Our club and course opened in July of 1996. The course is set on 400 acres of land that is deeply rooted in its heritage. The clubhouse is located at the headwaters of the tributary that empties into the Piankatank River between “Fairfield Farm” and “Woodstock Plantation”. Fairfield being our home farm that joins the course to the east and “Woodstock” lies just west of holes 11, 12, 13 and 14. Having been built in 1840, Woodstock is of early Republican Architecture. The Plantation has Lancaster County ties having been sold in 1798 by George Brent and his wife Sarah, to James Ball of Lancaster, the executor for the John Fauntleroy estate. The current owner is the daughter of the now-deceased Margaret Beckwith, who was the widow of Robert Lincoln Todd Beckwith. He was the great-grandson and last-blood heir of Abraham Lincoln. Beckwith`s mother purchased the property in 1906.
Bordering Fairfield to the east is Scoggins Creek whose headwaters start at Lower Church, formerly referred to as the “Chapel of Ease”, dating to 1650. It was the first parish church of Christchurch predating the Mother Church. The present building was started in 1714 and completed in 1717. The building with its simple but stately elegance was originally Anglican occupied but it is used today as an active Methodist Church.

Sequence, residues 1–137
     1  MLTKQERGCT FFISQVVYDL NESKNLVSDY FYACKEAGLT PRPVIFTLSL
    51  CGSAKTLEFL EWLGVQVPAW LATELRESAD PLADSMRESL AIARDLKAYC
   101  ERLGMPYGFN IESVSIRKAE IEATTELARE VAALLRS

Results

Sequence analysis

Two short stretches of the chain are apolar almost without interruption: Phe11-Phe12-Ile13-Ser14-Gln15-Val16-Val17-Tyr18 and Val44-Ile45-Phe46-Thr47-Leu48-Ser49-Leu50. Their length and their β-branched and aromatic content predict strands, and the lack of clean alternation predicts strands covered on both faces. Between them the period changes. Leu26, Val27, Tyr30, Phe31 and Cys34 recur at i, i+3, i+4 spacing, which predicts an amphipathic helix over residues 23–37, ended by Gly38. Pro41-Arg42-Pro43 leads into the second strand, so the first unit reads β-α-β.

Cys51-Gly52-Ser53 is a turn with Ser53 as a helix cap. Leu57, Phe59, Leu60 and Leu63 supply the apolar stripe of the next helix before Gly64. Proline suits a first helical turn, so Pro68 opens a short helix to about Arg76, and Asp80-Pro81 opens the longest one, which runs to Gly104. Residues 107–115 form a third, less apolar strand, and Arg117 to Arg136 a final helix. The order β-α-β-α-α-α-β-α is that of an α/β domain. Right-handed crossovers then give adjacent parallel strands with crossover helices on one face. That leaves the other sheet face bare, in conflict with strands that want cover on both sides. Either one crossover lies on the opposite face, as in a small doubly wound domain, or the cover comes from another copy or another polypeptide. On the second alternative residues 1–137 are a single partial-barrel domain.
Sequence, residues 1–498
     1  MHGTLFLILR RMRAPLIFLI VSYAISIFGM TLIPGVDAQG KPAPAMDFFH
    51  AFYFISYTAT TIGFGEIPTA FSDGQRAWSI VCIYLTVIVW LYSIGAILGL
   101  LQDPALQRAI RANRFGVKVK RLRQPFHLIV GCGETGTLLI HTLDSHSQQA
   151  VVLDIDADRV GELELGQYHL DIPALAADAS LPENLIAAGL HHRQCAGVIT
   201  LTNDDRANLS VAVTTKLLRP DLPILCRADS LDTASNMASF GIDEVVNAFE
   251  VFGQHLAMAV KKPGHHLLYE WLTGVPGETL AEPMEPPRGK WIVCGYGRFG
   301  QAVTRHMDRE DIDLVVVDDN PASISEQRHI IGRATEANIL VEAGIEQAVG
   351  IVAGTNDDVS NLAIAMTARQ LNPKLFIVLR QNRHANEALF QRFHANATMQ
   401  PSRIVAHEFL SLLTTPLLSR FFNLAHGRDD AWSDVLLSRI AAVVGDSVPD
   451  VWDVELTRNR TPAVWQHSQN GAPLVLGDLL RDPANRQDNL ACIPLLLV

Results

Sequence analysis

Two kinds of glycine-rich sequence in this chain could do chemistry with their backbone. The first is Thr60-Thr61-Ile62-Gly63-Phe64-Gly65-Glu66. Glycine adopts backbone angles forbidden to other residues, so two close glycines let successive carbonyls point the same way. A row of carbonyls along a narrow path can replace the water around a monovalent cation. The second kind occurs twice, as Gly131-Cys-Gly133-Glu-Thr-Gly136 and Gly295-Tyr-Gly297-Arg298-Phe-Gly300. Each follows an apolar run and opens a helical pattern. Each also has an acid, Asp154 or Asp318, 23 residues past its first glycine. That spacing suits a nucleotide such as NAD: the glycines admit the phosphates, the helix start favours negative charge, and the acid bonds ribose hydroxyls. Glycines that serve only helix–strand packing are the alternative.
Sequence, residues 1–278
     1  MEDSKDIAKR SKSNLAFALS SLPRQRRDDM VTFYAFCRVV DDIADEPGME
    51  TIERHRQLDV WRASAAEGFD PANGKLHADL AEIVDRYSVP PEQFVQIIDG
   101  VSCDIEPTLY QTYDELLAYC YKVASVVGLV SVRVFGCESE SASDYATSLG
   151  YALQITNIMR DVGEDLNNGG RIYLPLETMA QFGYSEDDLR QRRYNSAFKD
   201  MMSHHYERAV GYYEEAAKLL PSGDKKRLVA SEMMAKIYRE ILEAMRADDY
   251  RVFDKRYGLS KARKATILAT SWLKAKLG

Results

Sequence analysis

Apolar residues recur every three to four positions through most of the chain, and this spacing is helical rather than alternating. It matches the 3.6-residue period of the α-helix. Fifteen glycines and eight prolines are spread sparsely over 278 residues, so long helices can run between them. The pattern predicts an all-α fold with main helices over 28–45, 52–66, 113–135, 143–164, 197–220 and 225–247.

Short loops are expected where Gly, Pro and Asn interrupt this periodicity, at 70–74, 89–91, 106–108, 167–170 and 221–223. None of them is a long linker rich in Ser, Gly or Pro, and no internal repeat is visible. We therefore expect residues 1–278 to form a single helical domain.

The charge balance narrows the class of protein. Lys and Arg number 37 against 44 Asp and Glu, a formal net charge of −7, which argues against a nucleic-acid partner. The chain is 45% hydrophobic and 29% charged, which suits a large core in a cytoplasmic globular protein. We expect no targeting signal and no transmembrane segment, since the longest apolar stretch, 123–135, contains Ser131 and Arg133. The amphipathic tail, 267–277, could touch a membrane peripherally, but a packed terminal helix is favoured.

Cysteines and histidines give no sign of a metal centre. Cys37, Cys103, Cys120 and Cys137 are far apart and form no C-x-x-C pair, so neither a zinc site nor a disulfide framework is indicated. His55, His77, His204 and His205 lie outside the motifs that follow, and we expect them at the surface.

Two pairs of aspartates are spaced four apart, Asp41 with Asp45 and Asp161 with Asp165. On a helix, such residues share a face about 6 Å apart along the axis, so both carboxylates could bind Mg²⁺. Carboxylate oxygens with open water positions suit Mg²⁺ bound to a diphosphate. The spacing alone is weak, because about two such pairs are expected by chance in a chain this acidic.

This region, from Wilton (near Twiggs Ferry Bridge) to Healys was once referred to as “a fertile crescent”, and peaked in activity and prominence with the advent of the steamboat. The steamboat “Piankatank” made its last stop on its regular route to Baltimore at Freeport just across the river from “Woodstock”. One might catch a glimpse of the past when standing on the 14th Tee by visualizing the Steamer anchoring off of “Woodstock” and taking on produce and livestock from stocking barges from Fairfield as it left Freeport and headed back to Baltimore. The tranquility of that day, when the pace had its own charm, inspired us to use the Steamboat as the symbol of our course and project. It is hoped that a round of golf through such a natural setting and a casual meal with us might restore a little of the charm of another era. Algie Pulley our course architect is renowned for utilizing the natural setting of the land and did a remarkable job of blending two distinctively different nine holes. The front nine rambles through wooded areas crossing seven springs and streams with over one hundred feet of elevation changes before giving way to a back nine that is a more “links style” having three holes playing along the Piankatank River with views that constantly change with the passing sun. Thanks for joining us and we hope you enjoy your time with us.
-The Fleet Family
Course Architect: Algie Pulley, 1996
Greens: Bent Grass